4 Fundamental Management Tasks

Topics: Management, Leadership, Process control Pages: 11 (2764 words) Published: September 18, 2012
1. Introduction

The 4 fundamental management tasks are Planning, Organising, Leadership and Control. 1. Planning – Planning involves mapping out exactly how to achieve a particular goal. This is the first component of management. A manager needs to determine what the organisations goals are and how to achieve them. Setting objectives for goals and following up on the execution of the plans are two critical components of planning

2. Organising – A manager needs to organise her/his team and materials according to her/his plan. Assigning work and granting authority are two important elements of organising. A manager is responsible for organising staff, resources, tool and work schedules to achieve the organisations set goals and objectives. Without the correct organising in the work place, employees will see their managers as unprepared and loose respect for their supervisory techniques.

3. Leadership – Leading involves motivation, communicating, guiding and encouraging. It requires the manager to coach, assist and problem solve. Good leadership requires deep human qualities, beyond conventional notions of authority. Leaders are an enabling force, helping people and organisations to perform, develop, succeed and reach their set goal.

4. Control – Controlling involves continuously monitoring the organisations results against the set goals and to take corrective action necessary to make sure the planned goals are on track. Managers need to pay attention to cost versus performance of the organisation.

I will be discussing Leadership and Control. It is important to understand that Leadership and Control on its own cannot make an organisation successful. In figure 6.1 you will see that all four Fundamental Management tasks are needed to create the success of an organisation.

2. Leadership

“Leadership is solving problems. The day soldiers stop bringing you their problems is the day you have stopped leading them. They have either lost confidence that you can help or concluded you don’t care. Either case is a failure of leadership.” Collin Powel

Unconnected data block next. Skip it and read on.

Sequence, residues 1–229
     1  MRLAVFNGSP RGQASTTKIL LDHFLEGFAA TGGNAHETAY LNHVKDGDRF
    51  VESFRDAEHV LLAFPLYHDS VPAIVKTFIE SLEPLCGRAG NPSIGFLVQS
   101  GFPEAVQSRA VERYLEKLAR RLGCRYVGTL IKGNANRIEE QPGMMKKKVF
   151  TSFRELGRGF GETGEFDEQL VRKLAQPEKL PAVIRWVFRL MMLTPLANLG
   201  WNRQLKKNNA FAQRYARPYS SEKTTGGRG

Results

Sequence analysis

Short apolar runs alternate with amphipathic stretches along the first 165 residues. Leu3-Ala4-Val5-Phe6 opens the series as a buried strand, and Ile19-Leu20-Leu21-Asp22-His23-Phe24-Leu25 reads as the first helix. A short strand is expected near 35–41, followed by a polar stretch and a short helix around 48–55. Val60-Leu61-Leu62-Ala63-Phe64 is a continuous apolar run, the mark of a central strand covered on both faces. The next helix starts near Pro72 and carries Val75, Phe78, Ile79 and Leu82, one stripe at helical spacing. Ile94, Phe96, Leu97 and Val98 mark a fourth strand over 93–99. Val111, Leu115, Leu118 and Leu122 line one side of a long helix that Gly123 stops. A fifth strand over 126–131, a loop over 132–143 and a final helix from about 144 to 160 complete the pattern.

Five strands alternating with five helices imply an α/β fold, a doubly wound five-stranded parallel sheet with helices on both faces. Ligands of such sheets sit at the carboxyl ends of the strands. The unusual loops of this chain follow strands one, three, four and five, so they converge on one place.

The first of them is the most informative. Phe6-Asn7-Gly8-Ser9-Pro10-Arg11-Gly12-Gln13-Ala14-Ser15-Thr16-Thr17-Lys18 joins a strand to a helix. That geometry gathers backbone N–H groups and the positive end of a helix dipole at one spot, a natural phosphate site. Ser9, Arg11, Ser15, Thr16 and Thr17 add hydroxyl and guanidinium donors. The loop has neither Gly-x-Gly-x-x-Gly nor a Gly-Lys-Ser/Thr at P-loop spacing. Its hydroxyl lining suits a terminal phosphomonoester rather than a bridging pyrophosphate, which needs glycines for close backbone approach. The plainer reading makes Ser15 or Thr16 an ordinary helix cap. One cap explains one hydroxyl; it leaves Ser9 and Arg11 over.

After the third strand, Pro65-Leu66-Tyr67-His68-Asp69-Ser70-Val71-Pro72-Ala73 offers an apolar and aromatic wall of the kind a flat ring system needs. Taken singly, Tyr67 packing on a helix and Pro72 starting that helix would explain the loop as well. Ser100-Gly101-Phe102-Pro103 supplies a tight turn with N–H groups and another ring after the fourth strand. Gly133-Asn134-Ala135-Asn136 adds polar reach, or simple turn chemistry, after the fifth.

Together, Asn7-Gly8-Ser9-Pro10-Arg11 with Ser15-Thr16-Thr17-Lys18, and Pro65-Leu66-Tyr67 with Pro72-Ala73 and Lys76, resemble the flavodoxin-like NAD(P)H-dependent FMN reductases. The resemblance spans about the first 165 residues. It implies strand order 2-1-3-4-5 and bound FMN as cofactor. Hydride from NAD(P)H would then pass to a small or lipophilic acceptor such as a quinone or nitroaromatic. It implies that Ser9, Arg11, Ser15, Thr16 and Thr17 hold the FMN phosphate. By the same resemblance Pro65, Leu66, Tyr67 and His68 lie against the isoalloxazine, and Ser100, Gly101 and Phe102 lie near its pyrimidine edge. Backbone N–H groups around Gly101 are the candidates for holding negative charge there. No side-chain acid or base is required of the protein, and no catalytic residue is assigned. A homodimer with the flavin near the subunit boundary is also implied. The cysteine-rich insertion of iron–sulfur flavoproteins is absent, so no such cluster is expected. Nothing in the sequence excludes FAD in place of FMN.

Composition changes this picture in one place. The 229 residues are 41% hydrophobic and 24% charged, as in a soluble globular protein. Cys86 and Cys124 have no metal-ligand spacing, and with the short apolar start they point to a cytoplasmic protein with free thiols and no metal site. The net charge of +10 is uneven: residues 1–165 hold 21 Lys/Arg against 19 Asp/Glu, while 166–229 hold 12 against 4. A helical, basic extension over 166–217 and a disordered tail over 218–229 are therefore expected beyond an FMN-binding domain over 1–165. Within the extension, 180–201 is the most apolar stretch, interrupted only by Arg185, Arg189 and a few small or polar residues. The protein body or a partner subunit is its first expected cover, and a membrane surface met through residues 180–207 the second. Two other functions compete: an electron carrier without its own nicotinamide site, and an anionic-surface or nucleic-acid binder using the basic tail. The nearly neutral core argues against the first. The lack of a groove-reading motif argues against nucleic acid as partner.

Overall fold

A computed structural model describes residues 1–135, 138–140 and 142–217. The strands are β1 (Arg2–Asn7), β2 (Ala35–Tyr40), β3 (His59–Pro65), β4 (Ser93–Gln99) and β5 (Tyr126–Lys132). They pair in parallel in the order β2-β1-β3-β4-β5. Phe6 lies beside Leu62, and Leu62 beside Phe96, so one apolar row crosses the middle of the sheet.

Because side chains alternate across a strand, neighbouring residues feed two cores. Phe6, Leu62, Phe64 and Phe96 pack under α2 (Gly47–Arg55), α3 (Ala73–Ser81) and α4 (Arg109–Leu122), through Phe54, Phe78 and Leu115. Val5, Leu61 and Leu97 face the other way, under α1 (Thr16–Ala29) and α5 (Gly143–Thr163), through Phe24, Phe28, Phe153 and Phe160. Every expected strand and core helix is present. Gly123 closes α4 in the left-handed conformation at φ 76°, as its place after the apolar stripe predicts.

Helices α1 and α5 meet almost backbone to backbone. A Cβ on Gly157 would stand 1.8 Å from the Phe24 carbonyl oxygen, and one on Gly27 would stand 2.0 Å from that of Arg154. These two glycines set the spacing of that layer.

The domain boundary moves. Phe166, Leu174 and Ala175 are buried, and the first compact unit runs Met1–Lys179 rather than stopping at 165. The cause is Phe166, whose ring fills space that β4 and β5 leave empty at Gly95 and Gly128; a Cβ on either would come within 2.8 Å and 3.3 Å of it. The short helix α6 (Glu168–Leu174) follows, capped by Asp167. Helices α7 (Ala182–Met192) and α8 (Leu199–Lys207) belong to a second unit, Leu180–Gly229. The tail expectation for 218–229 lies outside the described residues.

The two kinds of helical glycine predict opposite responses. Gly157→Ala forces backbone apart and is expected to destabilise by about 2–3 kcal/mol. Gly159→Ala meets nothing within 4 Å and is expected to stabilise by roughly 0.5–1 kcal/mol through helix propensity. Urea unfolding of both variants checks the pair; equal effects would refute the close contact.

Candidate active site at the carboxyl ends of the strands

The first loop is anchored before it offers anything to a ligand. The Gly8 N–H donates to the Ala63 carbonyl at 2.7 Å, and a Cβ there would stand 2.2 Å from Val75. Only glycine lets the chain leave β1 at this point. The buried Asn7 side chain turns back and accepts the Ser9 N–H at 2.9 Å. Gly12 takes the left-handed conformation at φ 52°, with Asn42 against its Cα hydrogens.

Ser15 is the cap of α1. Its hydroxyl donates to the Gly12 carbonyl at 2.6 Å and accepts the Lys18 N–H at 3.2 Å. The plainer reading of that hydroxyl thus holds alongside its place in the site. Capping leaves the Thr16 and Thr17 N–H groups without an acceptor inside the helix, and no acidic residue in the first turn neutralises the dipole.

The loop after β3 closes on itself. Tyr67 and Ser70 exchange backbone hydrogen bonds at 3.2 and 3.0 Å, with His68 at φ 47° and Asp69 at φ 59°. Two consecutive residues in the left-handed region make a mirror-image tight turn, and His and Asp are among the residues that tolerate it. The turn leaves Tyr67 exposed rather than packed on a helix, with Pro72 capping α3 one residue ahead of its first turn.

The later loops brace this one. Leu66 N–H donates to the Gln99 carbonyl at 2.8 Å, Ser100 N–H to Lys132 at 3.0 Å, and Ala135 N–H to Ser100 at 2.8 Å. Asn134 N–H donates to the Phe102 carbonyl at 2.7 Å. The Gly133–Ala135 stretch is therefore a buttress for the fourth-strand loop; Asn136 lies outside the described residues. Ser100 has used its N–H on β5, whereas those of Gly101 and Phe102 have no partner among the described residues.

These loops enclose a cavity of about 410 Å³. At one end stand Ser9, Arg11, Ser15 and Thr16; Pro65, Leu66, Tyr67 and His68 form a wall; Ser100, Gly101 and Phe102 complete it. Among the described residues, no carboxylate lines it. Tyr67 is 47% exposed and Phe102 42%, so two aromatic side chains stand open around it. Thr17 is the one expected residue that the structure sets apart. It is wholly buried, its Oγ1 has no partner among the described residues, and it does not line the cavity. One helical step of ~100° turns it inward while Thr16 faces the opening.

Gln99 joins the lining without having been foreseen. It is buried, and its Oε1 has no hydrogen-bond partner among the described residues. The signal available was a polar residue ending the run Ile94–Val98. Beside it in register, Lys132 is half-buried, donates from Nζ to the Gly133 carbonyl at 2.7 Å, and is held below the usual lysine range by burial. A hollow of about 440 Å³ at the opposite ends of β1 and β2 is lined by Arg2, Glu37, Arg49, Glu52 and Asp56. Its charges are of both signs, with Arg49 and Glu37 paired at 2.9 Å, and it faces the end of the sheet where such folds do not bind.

A definition of leadership is described as a process of influencing and directing of the behaviour employees to work willingly to strive towards the accomplishing the goals and objectives of the organisation.

1. The nature of Leadership
Leadership is clearly a process of social influence directed at stimulating action towards achieving the goals of the business. The word leader can be used in two ways namely it can be someone that ‘takes the lead’ it can also refer to the management of subordinates. The latter is what applies to the management task of leadership. Someone could be an outstanding entrepreneur but a poor leader. They could find it difficult to motivate staff, delegate responsibility, and inspire them to achieve greater achievements or develop their skills. You could also be a great leader but poor at being a manager. Figure 6.2 illustrates the process of developing managers in to leaders. It is possible for the same person to take the place of both leader and manager.

Leadership have components which are Authority, Power, Responsibility, Delegation and Accountability.

Authority gives the right to give commands to and demand action from employees. Managers are responsible for ensuring that employees work together to achieve the organisations goals. With a position of management comes formal authority thus is the right to give instructions, allocate resources and demand action from employees. In order to influence the behaviour of others a leader must gain the respect of their subordinates.

Power is a manager’s ability to influence their employee’s behaviour. Power is one of the key elements associated with leadership. There are five forms of power and they determine whether a leader is effective or ineffective in influencing subordinates and securing their commitment to organisational goals. Power is linked to both the person and the...
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